As an added level of security, we run an authentication process that requires successful matching of the personal identity credentials of the customer that we collected at our end against the personal identity credentials collected by the partner exchange or NFT Service Provider before the fiat on-ramp connection is complete.
Consumer protection is another key area of focus that we have invested a lot in to educate our customers that cryptocurrency-based assets isn’t a ‘get rich quick’ scheme. Across various avenues such as our blog and other social media outlets, we constantly publish content that covers how our product works and how volatility in the cryptocurrency markets should be best navigated through the principles of dollar cost averaging.
While we recognise that financial objectives do differ amongst our customers, we tend to adopt the perspective of someone who is looking to accumulate wealth through cryptocurrency investments over time to encourage our customers to invest in a sensible manner.
An industry still being defined by regulators
As regulatory attitudes vary from country to country, it’s probably fair to say that the cryptocurrency industry today is still being defined by regulators all over the world. Even in Europe, approaches vary from registration regimes in countries such as Lithuania (where we operate) and France to licensing regimes in countries such as Germany.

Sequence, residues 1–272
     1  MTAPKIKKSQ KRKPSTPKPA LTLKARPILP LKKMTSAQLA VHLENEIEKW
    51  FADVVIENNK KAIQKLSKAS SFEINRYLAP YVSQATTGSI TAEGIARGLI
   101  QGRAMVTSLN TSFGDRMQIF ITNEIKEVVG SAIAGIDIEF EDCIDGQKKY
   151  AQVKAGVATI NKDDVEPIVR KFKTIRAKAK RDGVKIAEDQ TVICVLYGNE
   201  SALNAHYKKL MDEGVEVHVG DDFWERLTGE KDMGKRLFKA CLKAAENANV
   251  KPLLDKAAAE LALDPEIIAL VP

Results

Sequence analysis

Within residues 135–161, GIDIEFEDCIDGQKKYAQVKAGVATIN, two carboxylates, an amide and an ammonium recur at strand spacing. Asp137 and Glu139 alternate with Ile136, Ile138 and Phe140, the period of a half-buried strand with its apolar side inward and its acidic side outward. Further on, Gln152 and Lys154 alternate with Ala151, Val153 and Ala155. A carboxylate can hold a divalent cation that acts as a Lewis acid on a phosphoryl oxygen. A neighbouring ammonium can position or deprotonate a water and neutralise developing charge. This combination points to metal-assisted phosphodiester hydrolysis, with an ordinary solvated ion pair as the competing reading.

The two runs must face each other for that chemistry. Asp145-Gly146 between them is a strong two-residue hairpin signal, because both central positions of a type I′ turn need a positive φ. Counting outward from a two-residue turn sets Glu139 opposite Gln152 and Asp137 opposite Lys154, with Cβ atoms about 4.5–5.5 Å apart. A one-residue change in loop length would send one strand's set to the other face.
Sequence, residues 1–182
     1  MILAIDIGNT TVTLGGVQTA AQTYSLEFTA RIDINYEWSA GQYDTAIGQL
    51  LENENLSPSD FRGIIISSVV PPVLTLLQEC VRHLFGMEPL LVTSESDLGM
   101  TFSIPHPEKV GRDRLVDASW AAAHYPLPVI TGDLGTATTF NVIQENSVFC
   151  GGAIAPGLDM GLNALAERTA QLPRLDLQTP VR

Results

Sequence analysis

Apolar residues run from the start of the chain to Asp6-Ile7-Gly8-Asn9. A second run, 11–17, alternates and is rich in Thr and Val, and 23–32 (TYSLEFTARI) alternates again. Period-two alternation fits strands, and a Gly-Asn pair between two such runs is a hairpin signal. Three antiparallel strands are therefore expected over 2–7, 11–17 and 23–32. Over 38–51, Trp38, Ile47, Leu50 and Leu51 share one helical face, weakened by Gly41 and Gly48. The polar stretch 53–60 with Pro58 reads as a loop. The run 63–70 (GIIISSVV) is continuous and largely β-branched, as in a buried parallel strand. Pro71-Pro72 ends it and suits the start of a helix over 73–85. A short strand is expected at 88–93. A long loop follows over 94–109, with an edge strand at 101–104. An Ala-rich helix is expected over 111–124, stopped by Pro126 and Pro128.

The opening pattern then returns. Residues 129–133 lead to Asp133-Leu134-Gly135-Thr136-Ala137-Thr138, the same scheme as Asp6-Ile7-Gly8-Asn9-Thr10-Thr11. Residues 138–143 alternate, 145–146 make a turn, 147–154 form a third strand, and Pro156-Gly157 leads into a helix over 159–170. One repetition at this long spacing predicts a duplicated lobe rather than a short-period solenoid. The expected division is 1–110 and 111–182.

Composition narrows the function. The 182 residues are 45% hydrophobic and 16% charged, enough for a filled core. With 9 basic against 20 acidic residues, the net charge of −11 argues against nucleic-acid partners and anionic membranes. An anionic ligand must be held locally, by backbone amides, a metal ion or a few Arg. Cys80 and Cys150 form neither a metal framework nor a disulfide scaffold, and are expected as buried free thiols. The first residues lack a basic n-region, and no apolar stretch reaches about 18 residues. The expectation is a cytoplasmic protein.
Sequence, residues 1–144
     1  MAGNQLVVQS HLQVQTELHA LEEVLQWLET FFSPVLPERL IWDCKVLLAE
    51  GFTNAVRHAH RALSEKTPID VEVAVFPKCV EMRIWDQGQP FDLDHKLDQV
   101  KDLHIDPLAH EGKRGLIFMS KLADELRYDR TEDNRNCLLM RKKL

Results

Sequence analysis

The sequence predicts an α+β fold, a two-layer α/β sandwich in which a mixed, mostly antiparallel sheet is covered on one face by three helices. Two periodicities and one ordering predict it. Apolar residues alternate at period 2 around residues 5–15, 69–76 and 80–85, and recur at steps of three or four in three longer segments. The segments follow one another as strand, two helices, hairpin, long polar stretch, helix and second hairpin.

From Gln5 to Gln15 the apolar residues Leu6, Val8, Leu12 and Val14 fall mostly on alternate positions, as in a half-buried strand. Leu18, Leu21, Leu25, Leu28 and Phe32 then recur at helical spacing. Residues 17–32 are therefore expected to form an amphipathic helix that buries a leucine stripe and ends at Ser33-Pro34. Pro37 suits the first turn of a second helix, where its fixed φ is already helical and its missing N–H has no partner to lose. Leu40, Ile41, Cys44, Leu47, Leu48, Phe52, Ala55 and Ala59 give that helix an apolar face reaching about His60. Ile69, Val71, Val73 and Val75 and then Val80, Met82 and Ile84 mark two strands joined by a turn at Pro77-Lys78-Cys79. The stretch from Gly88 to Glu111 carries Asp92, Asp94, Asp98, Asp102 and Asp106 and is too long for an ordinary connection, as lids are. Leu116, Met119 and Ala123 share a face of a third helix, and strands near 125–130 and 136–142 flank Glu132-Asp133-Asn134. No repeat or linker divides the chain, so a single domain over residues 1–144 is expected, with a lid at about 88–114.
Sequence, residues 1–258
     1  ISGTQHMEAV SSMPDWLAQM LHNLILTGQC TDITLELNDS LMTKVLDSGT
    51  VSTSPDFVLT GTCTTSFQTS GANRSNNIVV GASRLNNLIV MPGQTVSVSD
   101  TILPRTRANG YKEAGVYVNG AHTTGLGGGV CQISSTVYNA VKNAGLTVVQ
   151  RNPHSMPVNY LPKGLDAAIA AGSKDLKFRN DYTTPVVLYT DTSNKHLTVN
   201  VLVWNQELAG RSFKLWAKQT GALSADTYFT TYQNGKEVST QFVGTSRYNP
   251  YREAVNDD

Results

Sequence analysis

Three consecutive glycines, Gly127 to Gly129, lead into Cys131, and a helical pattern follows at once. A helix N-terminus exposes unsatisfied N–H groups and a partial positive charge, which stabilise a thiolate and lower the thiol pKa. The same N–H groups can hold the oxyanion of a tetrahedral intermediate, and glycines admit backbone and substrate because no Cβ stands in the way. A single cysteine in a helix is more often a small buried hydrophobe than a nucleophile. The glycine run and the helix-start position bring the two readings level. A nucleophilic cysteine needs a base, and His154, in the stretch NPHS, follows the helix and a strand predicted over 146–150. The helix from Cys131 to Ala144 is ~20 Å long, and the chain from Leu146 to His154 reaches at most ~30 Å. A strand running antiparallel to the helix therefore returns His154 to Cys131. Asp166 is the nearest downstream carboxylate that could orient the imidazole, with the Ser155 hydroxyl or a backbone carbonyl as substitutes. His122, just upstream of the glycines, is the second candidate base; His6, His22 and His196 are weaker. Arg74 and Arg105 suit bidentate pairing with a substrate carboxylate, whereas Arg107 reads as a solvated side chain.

Attitudes towards marketing to the general public also vary amongst countries with some countries such as the United Kingdom having put in place strict guidelines on the marketing of crypto assets while others adopting a wait and see approach.
One key area where consistency is observed, however, is the focus for cryptocurrency exchanges to put in place robust Anti-Money Laundering controls and processes that are in line with those required by the financial services industry.
Lithuania has, for instance, updated its law on preventing money laundering and terrorist financing to provide clarity in requiring cryptocurrency exchanges to comply with its existing legislative requirements that are applied in its financial services industry. This is certainly something that we welcome as it provides the industry with greater clarity on what needs to be done, and legitimacy, since it implies that the cryptocurrency industry is now another branch of mainstream finance, something that should give consumers greater confidence in.
It also serves to level the playing field in the industry as all exchanges would have to adhere to these requirements and can no longer benefit from lack of regulatory clarity at the expense of their competitors who proactively manage their risks.
About Justin Choo
A compliance professional with global experience in the cryptocurrency, fintech and banking industry, Justin has led successful fintech licensing and registration initiatives in Singapore and the European Union. He is the current Head of Compliance at Cabital, and a member of the company’s founding team, responsible for global licensing and Compliance risk management initiatives.
Well versed with various regulatory requirements and financial crime risk management solutions, Justin has held regional Compliance leadership roles in leading fintech firms YouTrip and Airwallex, as well as previously heading the Global Anti-Money Laundering Policy & Governance function at United Overseas Bank in Singapore.